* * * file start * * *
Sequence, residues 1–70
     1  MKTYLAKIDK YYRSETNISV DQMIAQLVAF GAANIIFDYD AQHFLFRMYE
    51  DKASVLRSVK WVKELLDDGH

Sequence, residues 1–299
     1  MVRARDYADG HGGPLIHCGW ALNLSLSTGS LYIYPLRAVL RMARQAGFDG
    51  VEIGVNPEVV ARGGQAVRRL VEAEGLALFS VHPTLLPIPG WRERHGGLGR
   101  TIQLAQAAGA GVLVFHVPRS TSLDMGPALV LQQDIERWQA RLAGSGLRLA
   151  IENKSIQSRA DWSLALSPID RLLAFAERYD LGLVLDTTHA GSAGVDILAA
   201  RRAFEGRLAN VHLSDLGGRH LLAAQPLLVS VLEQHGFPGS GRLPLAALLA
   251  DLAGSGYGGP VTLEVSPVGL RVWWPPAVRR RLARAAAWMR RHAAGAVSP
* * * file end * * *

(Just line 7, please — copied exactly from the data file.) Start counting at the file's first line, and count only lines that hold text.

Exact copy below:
   101  TIQLAQAAGA GVLVFHVPRS TSLDMGPALV LQQDIERWQA RLAGSGLRLA